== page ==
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A Tribute to Ezra Stoller


Images Courtesy ESTO

Renowned architectural photographer Ezra Stoller died on October 29 at his home in Williamstown, Mass., at the age of 89 from complications due to a stroke.

Attending architecture school at New York University as Modernism took hold in the 1930s, Stoller came along just at the right time to become one of the pre-eminent pioneers of Modernist architectural photography. By 1939, he shot the New York World's Fair, creating images that, as in many of his pictures, now commemorate the buildings and even define them in our mind's eye. During an active career that would last until the early 1980s, he photographed many of the remarkable new inventions of the post-War era.

It took a Modernist eye to see Modernist buildings, and Stoller framed views that, in their limpid transparency, always clarified the structures. He did not simply document a building. According to his daughter, Erica Stoller, who runs ESTO, the architectural photo agency her father established in 1966, he said that he didn’t just “take” photographs but “made” them. Using a highly laborious process that involved a car laden with suitcases and ladders, he strategized shoots by mapping views on plans and stalking buildings for optimal sun angles and shadows.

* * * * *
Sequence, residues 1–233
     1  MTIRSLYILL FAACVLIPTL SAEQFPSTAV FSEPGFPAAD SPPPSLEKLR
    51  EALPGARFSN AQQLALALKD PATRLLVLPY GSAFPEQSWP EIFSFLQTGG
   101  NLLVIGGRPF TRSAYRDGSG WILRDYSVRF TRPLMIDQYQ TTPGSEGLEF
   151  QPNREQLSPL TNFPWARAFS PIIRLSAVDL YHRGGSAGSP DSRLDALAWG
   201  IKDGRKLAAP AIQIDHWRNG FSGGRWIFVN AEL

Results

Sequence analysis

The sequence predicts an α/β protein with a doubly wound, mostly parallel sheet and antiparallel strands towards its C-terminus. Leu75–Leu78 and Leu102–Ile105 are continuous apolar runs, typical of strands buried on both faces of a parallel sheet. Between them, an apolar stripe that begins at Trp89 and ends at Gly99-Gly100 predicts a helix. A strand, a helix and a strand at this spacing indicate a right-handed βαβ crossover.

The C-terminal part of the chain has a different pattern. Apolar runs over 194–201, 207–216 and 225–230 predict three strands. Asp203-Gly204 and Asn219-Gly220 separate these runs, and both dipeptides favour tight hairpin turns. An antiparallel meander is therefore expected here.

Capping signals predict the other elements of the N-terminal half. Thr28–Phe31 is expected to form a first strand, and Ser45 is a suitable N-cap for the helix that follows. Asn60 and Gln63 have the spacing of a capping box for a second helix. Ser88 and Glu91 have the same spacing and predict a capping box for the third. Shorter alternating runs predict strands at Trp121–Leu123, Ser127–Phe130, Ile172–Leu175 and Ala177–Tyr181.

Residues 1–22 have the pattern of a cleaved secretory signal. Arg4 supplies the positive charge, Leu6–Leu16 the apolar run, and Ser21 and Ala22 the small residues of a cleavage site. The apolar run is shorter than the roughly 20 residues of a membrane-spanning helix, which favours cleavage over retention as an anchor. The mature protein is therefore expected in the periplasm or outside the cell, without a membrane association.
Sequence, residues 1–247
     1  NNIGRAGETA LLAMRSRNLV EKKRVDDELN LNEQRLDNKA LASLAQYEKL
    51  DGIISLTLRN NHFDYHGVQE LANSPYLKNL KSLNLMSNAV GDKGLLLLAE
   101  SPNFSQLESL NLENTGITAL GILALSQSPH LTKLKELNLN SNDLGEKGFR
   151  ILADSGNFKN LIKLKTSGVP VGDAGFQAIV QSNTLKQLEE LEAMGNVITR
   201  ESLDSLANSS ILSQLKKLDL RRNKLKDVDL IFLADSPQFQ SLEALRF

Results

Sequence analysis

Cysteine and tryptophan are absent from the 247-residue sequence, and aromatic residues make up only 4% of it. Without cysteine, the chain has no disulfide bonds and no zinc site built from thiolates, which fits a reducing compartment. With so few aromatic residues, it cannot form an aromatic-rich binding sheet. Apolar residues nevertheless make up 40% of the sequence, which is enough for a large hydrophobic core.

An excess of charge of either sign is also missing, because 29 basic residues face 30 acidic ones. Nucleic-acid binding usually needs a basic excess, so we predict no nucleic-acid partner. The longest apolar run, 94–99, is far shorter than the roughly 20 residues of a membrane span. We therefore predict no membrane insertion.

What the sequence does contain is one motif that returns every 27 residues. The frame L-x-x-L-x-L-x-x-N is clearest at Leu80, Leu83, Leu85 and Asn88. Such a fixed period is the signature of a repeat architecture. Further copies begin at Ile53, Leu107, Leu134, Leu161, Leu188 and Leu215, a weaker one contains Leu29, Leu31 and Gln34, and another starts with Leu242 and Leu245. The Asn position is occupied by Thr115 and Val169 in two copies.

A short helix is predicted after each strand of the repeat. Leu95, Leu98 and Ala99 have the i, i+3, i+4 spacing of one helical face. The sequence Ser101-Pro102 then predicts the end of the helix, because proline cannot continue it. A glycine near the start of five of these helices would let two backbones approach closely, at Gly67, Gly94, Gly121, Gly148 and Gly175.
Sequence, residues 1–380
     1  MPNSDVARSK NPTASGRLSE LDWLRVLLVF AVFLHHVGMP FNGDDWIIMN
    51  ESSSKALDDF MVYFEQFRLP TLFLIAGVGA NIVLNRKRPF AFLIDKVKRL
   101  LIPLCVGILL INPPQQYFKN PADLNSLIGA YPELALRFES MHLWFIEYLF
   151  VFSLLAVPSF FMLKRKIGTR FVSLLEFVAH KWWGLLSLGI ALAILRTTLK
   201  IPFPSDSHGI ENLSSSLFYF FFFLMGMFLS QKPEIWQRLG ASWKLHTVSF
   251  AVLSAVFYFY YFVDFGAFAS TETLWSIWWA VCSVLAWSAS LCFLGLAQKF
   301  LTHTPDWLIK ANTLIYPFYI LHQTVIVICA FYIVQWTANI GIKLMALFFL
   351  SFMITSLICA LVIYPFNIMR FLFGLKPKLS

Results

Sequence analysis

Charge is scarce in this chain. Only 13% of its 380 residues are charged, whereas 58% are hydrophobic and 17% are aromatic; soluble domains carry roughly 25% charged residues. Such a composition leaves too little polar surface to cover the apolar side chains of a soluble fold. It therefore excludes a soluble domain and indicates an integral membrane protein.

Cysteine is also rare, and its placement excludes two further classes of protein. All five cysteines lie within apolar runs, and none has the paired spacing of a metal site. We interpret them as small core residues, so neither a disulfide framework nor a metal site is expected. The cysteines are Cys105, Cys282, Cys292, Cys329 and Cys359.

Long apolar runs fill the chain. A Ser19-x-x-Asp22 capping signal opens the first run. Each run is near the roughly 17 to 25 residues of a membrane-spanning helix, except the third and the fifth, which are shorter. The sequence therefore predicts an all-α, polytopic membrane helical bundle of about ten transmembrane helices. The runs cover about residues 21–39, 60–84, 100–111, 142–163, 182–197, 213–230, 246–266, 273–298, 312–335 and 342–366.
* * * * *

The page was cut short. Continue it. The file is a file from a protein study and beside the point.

The images often provide the lasting record of a building understood in the way the architect intended, revealed in a chiaroscuro of light and shade that explained its form, spatiality and sensibility. In a way his aesthetic of crisp delineation, often achieved through the sculpting effects of natural light, provoked architects to design for the same effects, so that he affected the designs that he would capture. Great architects-Eero Saarinen, Paul Rudolph, Louis Kahn, Mies van der Rohe, Richard Meier-regularly sought out his services. Asked to advise how Stoller should shoot one of his buildings, Frank Lloyd Wright said not to worry, “Ezra will know.”

Joseph Giovannini

 

 

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